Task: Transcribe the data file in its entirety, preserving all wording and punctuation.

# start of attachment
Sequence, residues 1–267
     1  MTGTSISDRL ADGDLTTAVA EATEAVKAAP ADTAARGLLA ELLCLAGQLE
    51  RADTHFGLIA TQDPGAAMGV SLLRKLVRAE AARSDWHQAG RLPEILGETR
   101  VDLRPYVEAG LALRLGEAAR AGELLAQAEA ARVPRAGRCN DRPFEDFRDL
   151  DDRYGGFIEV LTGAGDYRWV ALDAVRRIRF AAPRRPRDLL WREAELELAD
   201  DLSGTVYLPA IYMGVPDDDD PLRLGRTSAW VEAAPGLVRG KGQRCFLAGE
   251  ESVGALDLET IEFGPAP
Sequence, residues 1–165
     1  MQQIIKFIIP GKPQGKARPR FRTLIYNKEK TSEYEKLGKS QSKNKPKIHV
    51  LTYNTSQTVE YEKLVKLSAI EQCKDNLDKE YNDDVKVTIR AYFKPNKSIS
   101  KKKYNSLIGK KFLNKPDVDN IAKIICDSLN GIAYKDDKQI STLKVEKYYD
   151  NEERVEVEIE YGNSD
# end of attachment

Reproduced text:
Sequence, residues 1–267
     1  MTGTSISDRL ADGDLTTAVA EATEAVKAAP ADTAARGLLA ELLCLAGQLE
    51  RADTHFGLIA TQDPGAAMGV SLLRKLVRAE AARSDWHQAG RLPEILGETR
   101  VDLRPYVEAG LALRLGEAAR AGELLAQAEA ARVPRAGRCN DRPFEDFRDL
   151  DDRYGGFIEV LTGAGDYRWV ALDAVRRIRF AAPRRPRDLL WREAELELAD
   201  DLSGTVYLPA IYMGVPDDDD PLRLGRTSAW VEAAPGLVRG KGQRCFLAGE
   251  ESVGALDLET IEFGPAP
Sequence, residues 1–165
     1  MQQIIKFIIP GKPQGKARPR FRTLIYNKEK TSEYEKLGKS QSKNKPKIHV
    51  LTYNTSQTVE YEKLVKLSAI EQCKDNLDKE YNDDVKVTIR AYFKPNKSIS
   101  KKKYNSLIGK KFLNKPDVDN IAKIICDSLN GIAYKDDKQI STLKVEKYYD
   151  NEERVEVEIE YGNSD